David J. Horn, MD, University of Arizona
TIPS ABOUT OPIOID THERAPY IN OLDER ADULTS
Pain is a complex form of suffering that arises from the interplay of tissue injury, pre-existing disease processes, mental health problems, functional impairment, and social isolation. More than half of older adults experience pain, and the majority of these individuals report pain in multiple sites. Musculoskeletal pain is most common, especially in the back, knees and shoulders. Persistent pain in older adults can lead to financial costs and increasing disability. Yet only about one third of older patients with persistent pain are receiving sufficient analgesia.
Opioids are potent analgesics. They were traditionally used in a limited fashion for temporary treatment of acute pain, especially after surgery. In the 1990s and early 2000s, many adults were started on chronic opioids for treatment of persistent pain. Opioids were started under the assumption that they were not addictive if used for "legitimate" pain. White patients tend to receive higher opioid doses than non-whites, perhaps due to clinician biases about non-white individuals.
We now know, however, that opioid analgesics have significant habit-forming potential, and Medicare data has shown increased opioid use in older adults. This increased use confers a higher risk for serious complications, including increased rates of falls, fractures, and hospitalizations, along with increased overall healthcare utilization.
Nonetheless, if non-opioid pharmacotherapy has not treated pain adequately, and non-pharmacologic interventions (e.g., physical therapy) have not been successful, escalating therapy to opioids may be a reasonable next step. Initiation of opioids requires an individualized discussion of risks and benefits with your patient. Electing to start opioid treatment may decrease pain; however, opioids also cause sedation, cognitive impairment, constipation, and dependence. It is also important to recognize that polypharmacy, sarcopenia, and decreased hepatic and renal function can all contribute to altered opioid metabolism in older adults, thereby enhancing opioid side effects and increasing risk.
It is important to use accurate language when discussing pain and pain medications with your patients. Definitions for health professionals are presented below, but must be presented to patients in easy-to-understand terms.
Categories of Pain Types
- Nociceptive Pain arises from tissue damage or injury that is detected by nociceptors in the body.
- Neuropathic Pain is caused by primary injury to or dysfunction of somatosensory nerves.
- Inflammatory Pain is due to activation and sensitization of nociceptive pain pathways, caused by the local release of inflammatory mediators.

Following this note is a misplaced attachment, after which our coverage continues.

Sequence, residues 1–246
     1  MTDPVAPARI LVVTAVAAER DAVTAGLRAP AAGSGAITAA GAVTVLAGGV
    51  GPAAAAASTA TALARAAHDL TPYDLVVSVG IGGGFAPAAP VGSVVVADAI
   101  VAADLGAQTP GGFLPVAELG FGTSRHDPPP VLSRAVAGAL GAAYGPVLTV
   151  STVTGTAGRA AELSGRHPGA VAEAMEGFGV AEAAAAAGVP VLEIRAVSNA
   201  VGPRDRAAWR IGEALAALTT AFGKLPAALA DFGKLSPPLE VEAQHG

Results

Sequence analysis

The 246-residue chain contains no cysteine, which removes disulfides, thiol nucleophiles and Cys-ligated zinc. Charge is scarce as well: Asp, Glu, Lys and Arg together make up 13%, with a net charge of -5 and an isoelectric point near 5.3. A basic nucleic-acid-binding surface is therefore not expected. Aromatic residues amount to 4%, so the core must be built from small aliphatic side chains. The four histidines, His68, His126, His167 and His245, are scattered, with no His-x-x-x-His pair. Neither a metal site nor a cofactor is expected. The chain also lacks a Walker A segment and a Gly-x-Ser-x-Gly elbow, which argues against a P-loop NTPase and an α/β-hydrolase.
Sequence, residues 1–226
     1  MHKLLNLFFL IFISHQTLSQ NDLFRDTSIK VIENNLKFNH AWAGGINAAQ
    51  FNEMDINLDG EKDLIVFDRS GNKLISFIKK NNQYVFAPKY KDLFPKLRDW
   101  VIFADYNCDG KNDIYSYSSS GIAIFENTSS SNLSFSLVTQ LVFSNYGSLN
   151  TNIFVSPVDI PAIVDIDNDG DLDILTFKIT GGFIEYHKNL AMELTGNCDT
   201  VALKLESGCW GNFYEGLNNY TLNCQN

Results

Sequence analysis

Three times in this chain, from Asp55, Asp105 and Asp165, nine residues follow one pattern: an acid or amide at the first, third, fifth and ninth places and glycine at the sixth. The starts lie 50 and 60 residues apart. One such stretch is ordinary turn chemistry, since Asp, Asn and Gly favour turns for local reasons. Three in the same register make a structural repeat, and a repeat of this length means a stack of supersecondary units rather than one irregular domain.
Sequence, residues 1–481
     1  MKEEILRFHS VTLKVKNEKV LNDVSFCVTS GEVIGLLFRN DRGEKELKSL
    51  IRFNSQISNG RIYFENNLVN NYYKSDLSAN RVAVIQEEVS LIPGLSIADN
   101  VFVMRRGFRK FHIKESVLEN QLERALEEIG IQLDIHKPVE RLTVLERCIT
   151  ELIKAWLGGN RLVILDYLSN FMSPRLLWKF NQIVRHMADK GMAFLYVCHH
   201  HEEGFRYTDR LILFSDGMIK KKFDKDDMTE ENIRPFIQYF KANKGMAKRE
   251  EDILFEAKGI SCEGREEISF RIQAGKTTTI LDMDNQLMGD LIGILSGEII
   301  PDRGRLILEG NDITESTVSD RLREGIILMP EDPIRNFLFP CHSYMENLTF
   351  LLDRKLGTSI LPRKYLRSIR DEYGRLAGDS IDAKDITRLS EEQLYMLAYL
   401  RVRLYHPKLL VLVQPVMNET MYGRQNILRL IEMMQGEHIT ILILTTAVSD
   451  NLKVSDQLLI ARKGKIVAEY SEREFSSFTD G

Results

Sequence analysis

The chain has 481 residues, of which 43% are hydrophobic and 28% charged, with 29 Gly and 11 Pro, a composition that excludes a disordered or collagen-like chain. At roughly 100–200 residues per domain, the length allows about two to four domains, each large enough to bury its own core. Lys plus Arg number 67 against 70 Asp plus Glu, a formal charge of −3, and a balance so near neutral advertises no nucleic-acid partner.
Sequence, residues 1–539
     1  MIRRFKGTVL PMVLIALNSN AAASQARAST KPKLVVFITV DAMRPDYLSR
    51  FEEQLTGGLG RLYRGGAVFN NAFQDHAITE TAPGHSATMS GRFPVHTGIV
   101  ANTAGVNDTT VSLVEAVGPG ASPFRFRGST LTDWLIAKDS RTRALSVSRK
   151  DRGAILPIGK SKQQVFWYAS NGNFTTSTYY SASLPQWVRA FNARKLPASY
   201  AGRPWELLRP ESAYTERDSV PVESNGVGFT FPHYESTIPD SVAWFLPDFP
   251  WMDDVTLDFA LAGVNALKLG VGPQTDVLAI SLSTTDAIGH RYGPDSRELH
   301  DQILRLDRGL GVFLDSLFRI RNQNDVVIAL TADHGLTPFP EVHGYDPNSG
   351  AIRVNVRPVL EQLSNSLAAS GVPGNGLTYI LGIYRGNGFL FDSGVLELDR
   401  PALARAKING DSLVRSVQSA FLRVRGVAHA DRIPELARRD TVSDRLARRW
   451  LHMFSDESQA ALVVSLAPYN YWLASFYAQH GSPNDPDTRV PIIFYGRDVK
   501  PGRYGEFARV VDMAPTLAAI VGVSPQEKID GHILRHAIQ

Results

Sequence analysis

- Mixed Pain is pain resulting from a combination of nociceptive, neuropathic and/or inflammatory processes.
- Total Pain is from a combination of the aforementioned biological factors, plus psychological and social factors.
- Malignant (Cancer) Pain can be nociceptive, neuropathic and/or inflammatory. It is caused by cancer lesions and/or procedures used to diagnose or treat cancer.
Categories of Pain Duration
- Acute pain arises suddenly from a specific cause, typically related to localized injury to a discrete tissue.
- Persistent pain lasts longer than expected after an inciting illness or injury, but it likely will resolve at some point. See the Elder Care sheet on Management of Persistent Pain for more information.
- Chronic pain, on the other hand, is typically long-lasting and not expected to resolve. It may not have an identifiable cause.
- Opioids are a class of drugs and medications related in physiologic effect to opium, a chemical found naturally in the opium poppy plant.
- Narcotic is a term defined by United States law that includes both opioids and cocaine, though in common usage narcotics refers to opioids.
Structured Approach When Considering Opioid Therapy:
When considering opioid therapy, a structured approach is recommended (Table 1) to minimize risk of opioid use disorder, optimize safe prescribing, and assure that patient/family goals of care are met. Opioids are best used in the setting of clear expectations and limits.
Table 1. Structured Approach to Initiating Opioid Therapy
1. Conduct a comprehensive pain history, including:
2. Assess risk for opioid use disorder
3. Check the prescription monitoring program (PMP)
4. Determine definite goals of care
5. Address risks, specifically:
6. Agree on monitoring plan as needed
7. Discuss what circumstances would lead you to discontinue opioid therapy
Non-Opioid Pain Management
It is important to consider the interventions in Table 2, both before and during opioid therapy.
Table 2. Non-Opioid Interventions for Treating Pain
References and Resources
- American Pain Society. Pain: Current Understanding of Assessment, Management, and Treatments.
- Daoust R, Paquest J, Moore L, et al Recent opioid use and fall-related injury among older patients with trauma. CMAJ. 2018 Apr 23;190:E500-E506.
- Makris U E, Abrams RC, Gurland B, Reid MC. Management of persistent pain in the older patient: a clinical review. JAMA. 2014; 312: 825-836.
- Patel KV, Guralnik JM, Dansie EJ, Turk DC. Prevalence and Impact of pain among older adults in the United States: Findings from the 2011 National Health and Aging Trends Study. Pain. 2013; 154:2649-57.
- Stewart C, Leveille SG, Shmerling RH, et al. Management of persistent pain in older adults: the MOBILIZE Boston Study. J Am Geriatr Soc 2012; 60:2081-2086.
- U.S. Department of Justice, Drug Enforcement Administration, Diversion Control Division. Part 1300, §1300.01 Definitions relating to controlled substances.